Is Obamacare Un-American?

For the most part, I don't want this blog to be about politics, but some issues begin to occupy the mind in a way that calls for explication. Following the contentious "Obamacare" struggle, one core question keeps occurring to me, namely, what do Tea Party Republicans, and Republicans in general, mean when they say that the ACA is un-American? As far as I can tell it could mean four things.

First is that only purely market-driven solutions qualify as "American" ones. But that doesn't make sense for a couple reasons. First, there never has been and never will be a purely market-driven economy. Second, intensely American institutions like the military have no relationship to the market whatsoever.

The next is that the American way is for people to work for what they get and not to accept government handouts or subsidies. But that misses the fact that many tens of millions of people work full time (and often more) and do not receive or cannot afford any insurance at all.

Third, is the mandate aspect. This idea was actually developed by the Heritage Foundation and other conservatives to address the free-loading problem, so as recently as the 90s and early 00s, the mandate wasn't seen by conservatives as un-American. Further, everyone is required to have auto insurance. The "freedom" being compromised by ACA most significantly is the freedom to have one's life ruined by medical expenses and a lack of care.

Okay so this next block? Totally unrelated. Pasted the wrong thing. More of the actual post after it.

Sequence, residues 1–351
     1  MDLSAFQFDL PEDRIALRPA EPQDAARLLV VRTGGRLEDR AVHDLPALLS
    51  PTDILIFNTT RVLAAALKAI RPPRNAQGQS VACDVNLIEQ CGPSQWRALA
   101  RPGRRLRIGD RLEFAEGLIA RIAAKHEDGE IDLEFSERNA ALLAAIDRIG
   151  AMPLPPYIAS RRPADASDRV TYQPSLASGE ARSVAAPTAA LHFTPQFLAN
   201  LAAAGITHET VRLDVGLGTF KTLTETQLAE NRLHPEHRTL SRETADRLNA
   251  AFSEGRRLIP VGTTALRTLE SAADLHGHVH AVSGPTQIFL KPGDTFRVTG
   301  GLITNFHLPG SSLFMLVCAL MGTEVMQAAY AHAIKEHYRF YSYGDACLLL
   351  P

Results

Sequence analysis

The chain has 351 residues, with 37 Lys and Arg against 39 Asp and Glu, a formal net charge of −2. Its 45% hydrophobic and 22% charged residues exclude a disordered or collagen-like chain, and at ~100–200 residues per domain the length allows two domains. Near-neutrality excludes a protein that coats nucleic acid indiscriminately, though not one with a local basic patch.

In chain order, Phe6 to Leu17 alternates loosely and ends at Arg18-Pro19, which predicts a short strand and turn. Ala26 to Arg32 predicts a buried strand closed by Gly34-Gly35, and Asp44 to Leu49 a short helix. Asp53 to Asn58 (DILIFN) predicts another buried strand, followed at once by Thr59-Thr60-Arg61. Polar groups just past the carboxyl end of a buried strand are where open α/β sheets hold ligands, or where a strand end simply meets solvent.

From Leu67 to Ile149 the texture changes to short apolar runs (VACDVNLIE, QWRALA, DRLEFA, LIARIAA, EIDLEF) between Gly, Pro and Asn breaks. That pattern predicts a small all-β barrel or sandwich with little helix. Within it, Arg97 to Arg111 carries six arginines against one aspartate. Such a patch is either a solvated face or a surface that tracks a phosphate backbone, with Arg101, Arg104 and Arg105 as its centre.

Fourth, is the part about this being national in scope, as opposed to a decision made by each individual state, with an orientation toward state autonomy being the foundation of American success. This is probably the strongest argument, though I think the reasoning behind the ACA is that the nature and problems of health care delivery demand a national solution.

All of this is not to say that Obamacare is a good idea. The challenges of even attempting it, at this scale and without bipartisan support (indeed with partisan attempts at sabotage), are immense. But it does seem to me that most of the opposing arguments based on the notions of what is properly American simply don't hold water.


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